Scholarship offers experience for future teachers of underserved areas
There are teaching students, and then there are Rodel Promising Student Teachers. The former is a noble enough endeavor, but the latter brings education to the next level for undergraduate students in Arizona State University’s Mary Lou Fulton Teachers College.
Not only do students receive hands-on training with specially-selected Rodel Exemplary Teachers in high-needs schools around the Valley, but they also receive a $1,000 scholarship during the semester of their student teaching. Following graduation, student teachers have the opportunity to commit to three years of educating students in a high-needs school in exchange for a $10,000 savings bond from the Rodel Charitable Foundation of Arizona.
Erin Ballentine, a 2010 participant in the Rodel Promising Student Teacher program, believes that the tools she has gained from working with Rodel Exemplary Teacher Lori Chevira have helped prepare her for a successful teaching career.
"I feel that I am very fortunate to student teach with a Rodel mentor teacher who is experienced and has a wealth of knowledge," Ballentine said. "I want to be a role model to my students and help them realize the importance of an education."
For many students graduating with degrees in education in Arizona, finding a permanent job can be one of the most difficult challenges — but not for Rodel Promising Student Teachers. Beyond increased job opportunities, Teachers College Dean Sally Hurwitz believes that the program’s success is measured by the number of participants who continue to teach in high-needs school after graduation.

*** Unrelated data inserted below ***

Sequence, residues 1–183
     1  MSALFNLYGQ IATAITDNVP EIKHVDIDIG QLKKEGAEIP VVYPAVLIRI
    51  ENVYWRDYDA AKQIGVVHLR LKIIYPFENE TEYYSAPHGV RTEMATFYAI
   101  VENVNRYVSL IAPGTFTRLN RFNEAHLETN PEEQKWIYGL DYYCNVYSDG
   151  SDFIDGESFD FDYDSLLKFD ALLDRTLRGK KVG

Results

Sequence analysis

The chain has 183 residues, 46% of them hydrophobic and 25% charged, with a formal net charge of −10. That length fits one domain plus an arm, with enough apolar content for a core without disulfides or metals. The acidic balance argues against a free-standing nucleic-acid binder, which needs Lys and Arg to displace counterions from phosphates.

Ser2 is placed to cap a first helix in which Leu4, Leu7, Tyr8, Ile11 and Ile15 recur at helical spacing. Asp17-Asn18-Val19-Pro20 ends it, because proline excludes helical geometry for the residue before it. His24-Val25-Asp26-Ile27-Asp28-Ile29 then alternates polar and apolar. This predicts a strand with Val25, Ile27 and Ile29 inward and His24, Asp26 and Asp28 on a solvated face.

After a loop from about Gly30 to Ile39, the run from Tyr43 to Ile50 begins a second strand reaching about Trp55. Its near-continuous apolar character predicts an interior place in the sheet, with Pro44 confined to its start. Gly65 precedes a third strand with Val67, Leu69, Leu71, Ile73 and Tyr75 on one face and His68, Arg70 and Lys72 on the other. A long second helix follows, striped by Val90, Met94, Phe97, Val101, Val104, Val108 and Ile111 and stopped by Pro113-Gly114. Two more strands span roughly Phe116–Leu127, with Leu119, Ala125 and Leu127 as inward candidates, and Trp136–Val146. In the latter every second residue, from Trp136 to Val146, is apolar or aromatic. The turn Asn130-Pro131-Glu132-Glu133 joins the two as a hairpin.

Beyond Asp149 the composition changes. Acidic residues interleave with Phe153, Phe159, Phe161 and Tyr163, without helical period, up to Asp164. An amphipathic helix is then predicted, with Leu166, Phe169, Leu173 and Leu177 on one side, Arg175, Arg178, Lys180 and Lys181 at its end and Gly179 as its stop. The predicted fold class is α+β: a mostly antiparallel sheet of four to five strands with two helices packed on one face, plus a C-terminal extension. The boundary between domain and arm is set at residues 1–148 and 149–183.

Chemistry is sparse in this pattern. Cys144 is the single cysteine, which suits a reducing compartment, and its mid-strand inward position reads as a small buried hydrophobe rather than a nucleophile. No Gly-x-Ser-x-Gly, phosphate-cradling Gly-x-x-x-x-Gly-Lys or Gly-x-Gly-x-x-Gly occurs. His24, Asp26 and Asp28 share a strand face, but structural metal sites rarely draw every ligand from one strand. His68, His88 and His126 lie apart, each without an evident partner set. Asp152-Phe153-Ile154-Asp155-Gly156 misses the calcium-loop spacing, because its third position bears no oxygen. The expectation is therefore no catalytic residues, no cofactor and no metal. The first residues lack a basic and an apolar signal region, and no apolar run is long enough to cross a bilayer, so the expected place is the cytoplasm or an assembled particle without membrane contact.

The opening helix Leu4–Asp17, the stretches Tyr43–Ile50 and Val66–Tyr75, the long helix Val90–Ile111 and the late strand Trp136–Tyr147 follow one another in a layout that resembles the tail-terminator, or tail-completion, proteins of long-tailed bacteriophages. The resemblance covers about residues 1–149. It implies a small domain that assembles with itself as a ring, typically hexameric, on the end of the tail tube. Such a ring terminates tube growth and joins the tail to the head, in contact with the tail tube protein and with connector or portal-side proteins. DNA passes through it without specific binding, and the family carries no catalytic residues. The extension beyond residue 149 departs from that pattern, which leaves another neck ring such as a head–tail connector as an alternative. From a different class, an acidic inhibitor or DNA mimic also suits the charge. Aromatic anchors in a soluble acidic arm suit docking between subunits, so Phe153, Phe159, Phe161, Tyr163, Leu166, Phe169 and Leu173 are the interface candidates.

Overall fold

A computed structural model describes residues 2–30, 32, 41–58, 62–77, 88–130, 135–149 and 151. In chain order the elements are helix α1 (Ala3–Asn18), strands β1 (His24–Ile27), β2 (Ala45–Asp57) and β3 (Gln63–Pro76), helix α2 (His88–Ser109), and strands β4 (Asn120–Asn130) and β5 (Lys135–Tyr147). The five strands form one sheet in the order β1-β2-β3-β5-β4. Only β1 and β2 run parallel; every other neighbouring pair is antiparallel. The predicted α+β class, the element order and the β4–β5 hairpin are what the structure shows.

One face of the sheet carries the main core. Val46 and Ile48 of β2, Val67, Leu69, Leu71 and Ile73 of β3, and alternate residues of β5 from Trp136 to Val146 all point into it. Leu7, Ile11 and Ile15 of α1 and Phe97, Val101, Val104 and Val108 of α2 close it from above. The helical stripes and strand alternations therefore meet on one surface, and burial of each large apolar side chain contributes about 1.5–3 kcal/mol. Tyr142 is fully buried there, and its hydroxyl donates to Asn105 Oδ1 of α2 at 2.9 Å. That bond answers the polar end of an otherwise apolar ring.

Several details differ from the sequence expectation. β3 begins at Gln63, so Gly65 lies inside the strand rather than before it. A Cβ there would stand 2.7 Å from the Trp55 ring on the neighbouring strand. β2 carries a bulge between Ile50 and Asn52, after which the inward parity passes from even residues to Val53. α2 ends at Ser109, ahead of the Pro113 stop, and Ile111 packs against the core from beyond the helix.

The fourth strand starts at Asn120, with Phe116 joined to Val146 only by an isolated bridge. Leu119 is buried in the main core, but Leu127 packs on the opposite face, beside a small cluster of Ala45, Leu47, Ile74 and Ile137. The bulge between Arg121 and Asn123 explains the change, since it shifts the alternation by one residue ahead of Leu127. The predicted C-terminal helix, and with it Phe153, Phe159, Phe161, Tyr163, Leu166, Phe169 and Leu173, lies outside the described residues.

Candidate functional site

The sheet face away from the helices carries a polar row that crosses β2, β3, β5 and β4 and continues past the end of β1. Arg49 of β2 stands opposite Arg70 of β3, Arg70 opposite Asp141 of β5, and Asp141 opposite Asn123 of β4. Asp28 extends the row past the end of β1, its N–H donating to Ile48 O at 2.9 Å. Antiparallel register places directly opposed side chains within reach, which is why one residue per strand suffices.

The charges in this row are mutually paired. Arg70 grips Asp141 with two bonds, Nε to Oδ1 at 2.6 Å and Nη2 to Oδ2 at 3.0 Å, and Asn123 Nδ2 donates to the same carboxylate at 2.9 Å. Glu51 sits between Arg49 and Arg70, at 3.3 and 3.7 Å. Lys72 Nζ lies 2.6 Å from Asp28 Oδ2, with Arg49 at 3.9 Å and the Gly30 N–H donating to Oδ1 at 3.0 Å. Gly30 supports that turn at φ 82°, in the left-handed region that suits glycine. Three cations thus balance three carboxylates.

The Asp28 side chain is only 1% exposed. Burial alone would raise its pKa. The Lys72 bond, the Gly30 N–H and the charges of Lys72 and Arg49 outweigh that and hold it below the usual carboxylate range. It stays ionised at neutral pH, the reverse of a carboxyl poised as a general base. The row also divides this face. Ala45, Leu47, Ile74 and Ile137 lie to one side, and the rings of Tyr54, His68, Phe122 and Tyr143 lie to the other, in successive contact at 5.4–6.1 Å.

“The goal…is for promising student teachers in colleges of education to be matched with exemplary teachers in high needs areas,” she said. “The outcome of this match is to increase the number of highly effective teachers working with high needs students in Arizona.”
And based upon information from the Rodel Charitable Foundation of Arizona, the program is more than successful: 95 percent of the 300 students who participated in the program continued to teach following their participation and 90 percent stayed committed to working in high-needs schools around the state. In addition to near-perfect retention goals, Rodel Promising Student Teachers exceed expectations when it comes to classroom success as well. A recent ASU study determined that students educated by Rodel Promising Student Teachers achieve higher test scores than those in classes taught by non-Rodel educators.
“The research has shown what we always believed,” said. Carol G. Peck, President and CEO of the Rodel Charitable Foundation of Arizona. “A new teacher’s success can be tied to the quality of mentorship he or she received before taking charge of a classroom.”
Any undergraduate students in the Mary Lou Fulton Teachers College who are interested in applying for the Rodel Promising Student Teacher program can access the application online at www.rodelfoundationaz.org or in person at the Mary Lou Fulton Teachers College offices on each ASU campus by October 1 to apply for the spring 2011 semester and by March 1, 2011 for participation in fall 2011.
Candidates for the Rodel Promising Student Teacher program are undergraduate students in either elementary, early childhood, English as a second language or secondary education math degree programs, are committed to working with high-needs students and must have at least a 3.0 GPA. The Rodel Charitable Foundation of Arizona will conduct interviews with finalists who have previous field experience evaluations and who have submitted two letters of recommendation.
Howard Paley, the program administrator for the Rodel Charitable Foundation of Arizona, believes the students’ accomplishments in the classroom following graduation speaks volumes to the Rodel Promising Student Teachers success.
“This is truly amazing because it is a testament to the skill and effort of so many people successfully working to improve education for our state’s high-needs students.”
Written by Lauren Proper, firstname.lastname@example.org
Jenni Thomas, email@example.com
Mary Lou Fulton Teachers College